Could it be that we are reaching our capacity to handle and that the most vulnerable are first to fall down under this load?

We should consider the increase in suicides and drug overdoses as the “canary in a coal mine” and an indication of something very wrong in the air of our current culture. Where some have been overcome by the noxious fumes there are probably many more who are gasping for breath or in the beginning stages of hypoxia and need to be guided back to fresh air or they will soon also perish. An overdose of bad news and fear-mongering propaganda won’t take a strong person down, but it might be enough to push the vulnerable over the edge.

Working more for less…

Twenty years ago, in the towns around where I grew up in (prior to the NAFTA disaster) the wheels of industry were still turning and a blue-collar worker could easily make $20/hour or more working a factory shift. Yes, the cracks of outsourcing where beginning to show before this, the domestic steel and auto industry collapsed against cheap foreign imports before then, but it was mostly big urban areas like Detroit and Baltimore that felt the pain. We still proudly produced furniture, paper, bread, cable assemblies, and various other products before these businesses were shuttered.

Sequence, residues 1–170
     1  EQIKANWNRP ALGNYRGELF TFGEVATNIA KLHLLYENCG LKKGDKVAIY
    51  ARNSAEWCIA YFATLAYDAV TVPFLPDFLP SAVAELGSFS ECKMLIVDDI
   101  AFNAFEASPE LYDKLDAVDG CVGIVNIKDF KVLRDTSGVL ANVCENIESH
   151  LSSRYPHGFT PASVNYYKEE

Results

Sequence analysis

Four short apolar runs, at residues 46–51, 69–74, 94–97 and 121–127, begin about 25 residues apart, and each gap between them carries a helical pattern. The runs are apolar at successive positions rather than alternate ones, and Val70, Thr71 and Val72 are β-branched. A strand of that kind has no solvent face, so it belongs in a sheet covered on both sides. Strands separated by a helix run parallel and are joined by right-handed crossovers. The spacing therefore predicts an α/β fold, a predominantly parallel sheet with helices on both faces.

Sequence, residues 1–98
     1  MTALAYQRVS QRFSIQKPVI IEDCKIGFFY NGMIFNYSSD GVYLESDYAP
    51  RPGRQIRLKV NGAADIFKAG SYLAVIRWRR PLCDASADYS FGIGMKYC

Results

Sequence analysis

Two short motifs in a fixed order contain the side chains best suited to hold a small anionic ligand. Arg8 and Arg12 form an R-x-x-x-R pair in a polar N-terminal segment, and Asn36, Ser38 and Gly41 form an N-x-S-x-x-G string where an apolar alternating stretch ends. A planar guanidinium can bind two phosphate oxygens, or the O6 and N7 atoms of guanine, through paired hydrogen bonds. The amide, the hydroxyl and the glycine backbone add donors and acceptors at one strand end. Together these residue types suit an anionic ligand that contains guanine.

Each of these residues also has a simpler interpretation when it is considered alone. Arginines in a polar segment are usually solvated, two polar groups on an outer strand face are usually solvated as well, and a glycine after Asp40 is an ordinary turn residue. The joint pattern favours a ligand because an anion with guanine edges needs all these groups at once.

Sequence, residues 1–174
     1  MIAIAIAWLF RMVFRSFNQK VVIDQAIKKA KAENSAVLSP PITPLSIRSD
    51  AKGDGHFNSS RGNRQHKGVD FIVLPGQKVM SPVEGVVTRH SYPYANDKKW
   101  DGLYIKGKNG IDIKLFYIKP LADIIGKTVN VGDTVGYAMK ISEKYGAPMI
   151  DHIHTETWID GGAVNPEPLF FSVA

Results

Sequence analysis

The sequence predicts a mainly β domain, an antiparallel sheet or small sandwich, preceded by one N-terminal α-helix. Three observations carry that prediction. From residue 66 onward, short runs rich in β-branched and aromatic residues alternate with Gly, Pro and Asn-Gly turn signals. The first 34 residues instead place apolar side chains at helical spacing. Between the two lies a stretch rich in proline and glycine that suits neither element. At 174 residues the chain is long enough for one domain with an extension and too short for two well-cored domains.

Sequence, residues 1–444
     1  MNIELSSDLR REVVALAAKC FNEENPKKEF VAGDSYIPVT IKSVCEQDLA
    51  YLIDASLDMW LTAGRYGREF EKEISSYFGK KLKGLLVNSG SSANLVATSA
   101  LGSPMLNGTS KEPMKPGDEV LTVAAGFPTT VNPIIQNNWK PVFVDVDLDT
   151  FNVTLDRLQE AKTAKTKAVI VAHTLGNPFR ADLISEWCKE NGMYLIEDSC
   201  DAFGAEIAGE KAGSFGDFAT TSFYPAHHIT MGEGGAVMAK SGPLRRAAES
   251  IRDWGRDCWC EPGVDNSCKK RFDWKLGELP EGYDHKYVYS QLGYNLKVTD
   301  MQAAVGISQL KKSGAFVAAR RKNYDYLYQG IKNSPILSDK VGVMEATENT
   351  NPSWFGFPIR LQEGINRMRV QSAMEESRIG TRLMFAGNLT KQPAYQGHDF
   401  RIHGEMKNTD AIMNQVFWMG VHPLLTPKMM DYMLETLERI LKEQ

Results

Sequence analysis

However, since then we have felt the full brunt of trade policies that primarily have benefitted globalist elites. Since the 1990s, dozens of factory doors have closed in my own immediate area and nothing came to replace them. Well, nothing besides more low paying retail jobs—shopping centers springing up in the same lots, literally, where many men and women once made a wage where they had a chance of economic advancement. The idea that everyone could simply get some additional education and become a computer programmer or a professional with a bachelor’s degree has become the out-of-touch “let them eat cake” statement of the modern era.